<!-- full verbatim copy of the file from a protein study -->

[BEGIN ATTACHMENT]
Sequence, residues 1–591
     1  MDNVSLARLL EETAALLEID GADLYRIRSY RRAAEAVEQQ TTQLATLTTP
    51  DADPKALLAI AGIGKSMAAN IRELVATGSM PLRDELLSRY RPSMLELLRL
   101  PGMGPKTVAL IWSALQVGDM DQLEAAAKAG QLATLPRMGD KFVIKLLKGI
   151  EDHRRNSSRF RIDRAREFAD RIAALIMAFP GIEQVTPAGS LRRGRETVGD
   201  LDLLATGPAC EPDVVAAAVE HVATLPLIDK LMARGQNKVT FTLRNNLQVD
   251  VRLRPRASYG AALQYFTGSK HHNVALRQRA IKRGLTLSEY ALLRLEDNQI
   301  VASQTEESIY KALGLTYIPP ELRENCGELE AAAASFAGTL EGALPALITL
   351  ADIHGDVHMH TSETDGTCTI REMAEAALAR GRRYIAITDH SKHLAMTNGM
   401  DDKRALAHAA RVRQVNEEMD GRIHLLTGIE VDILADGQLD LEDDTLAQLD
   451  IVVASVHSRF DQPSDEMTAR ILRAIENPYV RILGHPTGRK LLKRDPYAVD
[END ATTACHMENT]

Sequence, residues 1–591
     1  MDNVSLARLL EETAALLEID GADLYRIRSY RRAAEAVEQQ TTQLATLTTP
    51  DADPKALLAI AGIGKSMAAN IRELVATGSM PLRDELLSRY RPSMLELLRL
   101  PGMGPKTVAL IWSALQVGDM DQLEAAAKAG QLATLPRMGD KFVIKLLKGI
   151  EDHRRNSSRF RIDRAREFAD RIAALIMAFP GIEQVTPAGS LRRGRETVGD
   201  LDLLATGPAC EPDVVAAAVE HVATLPLIDK LMARGQNKVT FTLRNNLQVD
   251  VRLRPRASYG AALQYFTGSK HHNVALRQRA IKRGLTLSEY ALLRLEDNQI
   301  VASQTEESIY KALGLTYIPP ELRENCGELE AAAASFAGTL EGALPALITL
   351  ADIHGDVHMH TSETDGTCTI REMAEAALAR GRRYIAITDH SKHLAMTNGM
   401  DDKRALAHAA RVRQVNEEMD GRIHLLTGIE VDILADGQLD LEDDTLAQLD
   451  IVVASVHSRF DQPSDEMTAR ILRAIENPYV RILGHPTGRK LLKRDPYAVD